Do they need immediate relief?

01:13:04 Yasmine

You know humanitarian work after a disaster or rehabilitation is probably something we could do.

01:13:11 Yasmine

A whole other podcast episode on, but yes, depending on the context that a population is in will determine what interventions are used and apply.

01:13:21 Yasmine

And Heather, I wonder if we could talk a little bit about some of the interventions that we know have been proven to be effective in combating disease we've we've touched on a few of them.

01:13:32 Yasmine

You know, as we we talked about each of the diseases.

01:13:35 Yasmine

But you know, there's there's a few big topics in this that I think would be useful to.

01:13:42 Heather Hall

Yeah, sure so to.

01:13:44 Heather Hall

To build on the importance of understanding the stages of where a community is in terms of relief, rehabilitation or development.

01:13:51 Heather Hall

One thing that's really important in in assessing that is participation by the community.

01:13:58 Heather Hall

You know it's it's really vital to have that community input.

01:14:03 Heather Hall

You know these are other people community you know.

01:14:05 Heather Hall

Especially if you're maybe.

01:14:07 Heather Hall

Living in one country, traveling to another country and trying to to do some kind of work.

01:14:12 Heather Hall

It's really important that you come in with a, uh, learners mentality.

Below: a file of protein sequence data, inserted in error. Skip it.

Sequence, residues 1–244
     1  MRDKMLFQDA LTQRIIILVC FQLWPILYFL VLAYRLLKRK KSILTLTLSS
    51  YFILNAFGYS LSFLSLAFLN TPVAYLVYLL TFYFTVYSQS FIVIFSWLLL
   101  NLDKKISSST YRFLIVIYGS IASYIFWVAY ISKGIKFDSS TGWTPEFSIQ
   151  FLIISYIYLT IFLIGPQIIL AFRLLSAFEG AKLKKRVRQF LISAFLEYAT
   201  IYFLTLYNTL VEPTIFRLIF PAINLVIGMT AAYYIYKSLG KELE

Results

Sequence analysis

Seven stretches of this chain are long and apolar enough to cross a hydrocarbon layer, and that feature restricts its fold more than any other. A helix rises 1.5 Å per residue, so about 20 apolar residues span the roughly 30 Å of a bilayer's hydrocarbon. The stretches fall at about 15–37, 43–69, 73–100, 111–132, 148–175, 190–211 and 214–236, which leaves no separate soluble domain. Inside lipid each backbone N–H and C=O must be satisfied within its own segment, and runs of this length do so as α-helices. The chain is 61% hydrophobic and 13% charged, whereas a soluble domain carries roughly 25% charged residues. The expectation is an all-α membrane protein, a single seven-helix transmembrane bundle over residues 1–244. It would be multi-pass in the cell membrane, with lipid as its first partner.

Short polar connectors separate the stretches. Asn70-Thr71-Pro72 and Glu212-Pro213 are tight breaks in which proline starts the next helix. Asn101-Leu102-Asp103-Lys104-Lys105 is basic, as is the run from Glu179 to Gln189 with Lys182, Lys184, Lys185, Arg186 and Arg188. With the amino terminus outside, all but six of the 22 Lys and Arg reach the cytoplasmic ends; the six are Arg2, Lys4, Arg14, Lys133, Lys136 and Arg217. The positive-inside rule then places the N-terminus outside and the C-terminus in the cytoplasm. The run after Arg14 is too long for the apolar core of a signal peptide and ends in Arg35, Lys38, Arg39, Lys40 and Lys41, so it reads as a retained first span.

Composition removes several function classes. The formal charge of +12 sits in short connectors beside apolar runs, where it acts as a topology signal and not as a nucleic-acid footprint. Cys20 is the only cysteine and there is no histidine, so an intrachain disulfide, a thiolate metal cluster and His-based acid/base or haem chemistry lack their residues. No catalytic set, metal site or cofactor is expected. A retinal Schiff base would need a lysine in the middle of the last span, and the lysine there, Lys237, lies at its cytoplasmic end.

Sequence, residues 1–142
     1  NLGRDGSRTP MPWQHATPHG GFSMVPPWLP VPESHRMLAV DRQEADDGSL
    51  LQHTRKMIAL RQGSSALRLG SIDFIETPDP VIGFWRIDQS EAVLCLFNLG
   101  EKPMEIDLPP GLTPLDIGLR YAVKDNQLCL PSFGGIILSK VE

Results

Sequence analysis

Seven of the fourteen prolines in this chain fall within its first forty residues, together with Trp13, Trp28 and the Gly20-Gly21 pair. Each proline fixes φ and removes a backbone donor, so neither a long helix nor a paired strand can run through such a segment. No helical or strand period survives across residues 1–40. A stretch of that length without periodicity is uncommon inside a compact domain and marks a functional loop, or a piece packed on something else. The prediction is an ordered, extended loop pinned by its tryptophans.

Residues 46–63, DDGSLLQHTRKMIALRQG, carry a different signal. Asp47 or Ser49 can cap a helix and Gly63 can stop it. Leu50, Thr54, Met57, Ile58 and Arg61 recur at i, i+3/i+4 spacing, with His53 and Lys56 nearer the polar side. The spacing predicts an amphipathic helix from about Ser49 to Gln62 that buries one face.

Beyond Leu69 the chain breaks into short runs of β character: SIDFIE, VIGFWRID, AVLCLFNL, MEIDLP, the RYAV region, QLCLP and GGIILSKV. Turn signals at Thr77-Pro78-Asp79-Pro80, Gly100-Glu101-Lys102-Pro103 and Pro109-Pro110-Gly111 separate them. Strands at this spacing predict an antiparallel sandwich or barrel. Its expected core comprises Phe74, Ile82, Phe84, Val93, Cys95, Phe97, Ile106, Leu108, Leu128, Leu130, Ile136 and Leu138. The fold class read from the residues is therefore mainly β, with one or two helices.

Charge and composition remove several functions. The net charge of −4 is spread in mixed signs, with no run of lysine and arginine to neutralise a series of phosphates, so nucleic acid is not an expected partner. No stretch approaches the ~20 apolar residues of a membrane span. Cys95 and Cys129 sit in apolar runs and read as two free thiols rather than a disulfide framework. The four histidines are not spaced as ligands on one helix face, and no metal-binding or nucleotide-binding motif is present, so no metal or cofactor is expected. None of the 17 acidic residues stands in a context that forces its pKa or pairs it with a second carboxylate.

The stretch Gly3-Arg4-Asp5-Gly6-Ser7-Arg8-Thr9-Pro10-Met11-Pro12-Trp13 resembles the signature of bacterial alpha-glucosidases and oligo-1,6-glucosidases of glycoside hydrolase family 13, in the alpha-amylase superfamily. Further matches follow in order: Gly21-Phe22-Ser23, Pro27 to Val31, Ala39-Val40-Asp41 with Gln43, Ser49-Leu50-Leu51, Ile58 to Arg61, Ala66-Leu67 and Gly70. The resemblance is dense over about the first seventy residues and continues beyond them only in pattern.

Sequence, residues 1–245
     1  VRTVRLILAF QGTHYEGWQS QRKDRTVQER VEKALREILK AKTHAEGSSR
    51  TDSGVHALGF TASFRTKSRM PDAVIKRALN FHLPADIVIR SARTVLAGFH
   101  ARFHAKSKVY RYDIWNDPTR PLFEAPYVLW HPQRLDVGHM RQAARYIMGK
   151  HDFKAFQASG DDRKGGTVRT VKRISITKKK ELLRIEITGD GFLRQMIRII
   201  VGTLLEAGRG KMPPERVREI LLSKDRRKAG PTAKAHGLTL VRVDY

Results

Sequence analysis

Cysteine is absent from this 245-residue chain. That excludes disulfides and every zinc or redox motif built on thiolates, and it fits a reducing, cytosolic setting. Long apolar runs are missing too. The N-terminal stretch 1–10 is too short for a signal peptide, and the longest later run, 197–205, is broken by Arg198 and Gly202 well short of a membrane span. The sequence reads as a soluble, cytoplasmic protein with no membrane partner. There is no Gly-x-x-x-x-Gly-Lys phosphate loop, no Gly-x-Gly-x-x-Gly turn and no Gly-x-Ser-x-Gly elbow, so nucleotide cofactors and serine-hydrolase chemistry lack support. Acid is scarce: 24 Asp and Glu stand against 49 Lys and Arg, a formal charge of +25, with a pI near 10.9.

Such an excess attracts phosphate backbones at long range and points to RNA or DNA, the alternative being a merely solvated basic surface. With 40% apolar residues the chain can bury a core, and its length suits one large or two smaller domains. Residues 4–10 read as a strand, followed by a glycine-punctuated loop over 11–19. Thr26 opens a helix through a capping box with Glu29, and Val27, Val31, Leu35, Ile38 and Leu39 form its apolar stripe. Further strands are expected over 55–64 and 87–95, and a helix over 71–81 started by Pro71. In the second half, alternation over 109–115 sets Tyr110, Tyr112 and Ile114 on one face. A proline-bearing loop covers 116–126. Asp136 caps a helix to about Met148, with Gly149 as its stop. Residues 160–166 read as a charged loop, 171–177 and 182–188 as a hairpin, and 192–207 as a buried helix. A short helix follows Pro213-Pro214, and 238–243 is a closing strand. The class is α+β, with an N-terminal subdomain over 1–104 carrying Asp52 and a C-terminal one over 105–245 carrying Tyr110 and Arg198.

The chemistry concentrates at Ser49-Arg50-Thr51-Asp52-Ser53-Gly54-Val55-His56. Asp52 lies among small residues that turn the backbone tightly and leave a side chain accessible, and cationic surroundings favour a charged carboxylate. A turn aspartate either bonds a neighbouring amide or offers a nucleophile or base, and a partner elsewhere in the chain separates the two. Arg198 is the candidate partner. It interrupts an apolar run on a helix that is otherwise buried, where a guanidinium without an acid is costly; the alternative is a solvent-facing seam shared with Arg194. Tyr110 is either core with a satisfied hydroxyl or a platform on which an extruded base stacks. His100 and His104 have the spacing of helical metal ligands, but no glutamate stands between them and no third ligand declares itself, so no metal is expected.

01:14:16 Heather Hall

You know you come in with humility and you come in to try to learn and learn from the people that are that are living there that are having the issues that are living those issues out day-to-day because they are the experts.

01:14:27 Heather Hall

In their community.

01:14:29 Heather Hall

They have invaluable insight and expertise into the many factors that make up and.

01:14:33 Heather Hall

Affect their community?

01:14:35 Heather Hall

And that's going to be information that you know you as the you know, outsider.

01:14:41 Heather Hall

You'll never be able to have and and.

01:14:44 Heather Hall

Therefore, their their insight is going to be.

01:14:48 Heather Hall

Uhm, you know can can really be beneficial and largely impactful in in what interventions are applied in how they're applied.

01:14:57 Heather Hall

So some of the most important interventions using global health again, which help us make progress toward those sustainment develop sustainable development goals, especially #3, which is good health and well-being.

01:15:08 Heather Hall

Some of those interventions are kind of.

01:15:12 Heather Hall

You can maybe even sum them up in 2 main categories.

01:15:15 Heather Hall

Prevention and education.

01:15:17 Heather Hall

Which can also be called health promotion and then also diagnosis and treatment.

01:15:22 Heather Hall

So to break down prevention and education a little bit interventions related to prevention are some of the most important because they can really prevent premature deaths and help stop or minimize the impact of diseases.

01:15:36 Heather Hall

Which, again, if not prevented, can affect many other.

01:15:40 Heather Hall

Areas of people, people.

01:15:41 Heather Hall

Lives kind of that domino effect.

01:15:43 Heather Hall

If you will, and as we said before, the Sustainable development goals are all interconnected and impact in one area can really affect the outcome in another.

01:15:53 Heather Hall

So for example, if you have a parent who has a child that is sick from a preventable disease, whether it's preventable through hand washing or vaccination, that parent may end up having to miss out on work or spend a lot of money to care for the child.

01:16:07 Heather Hall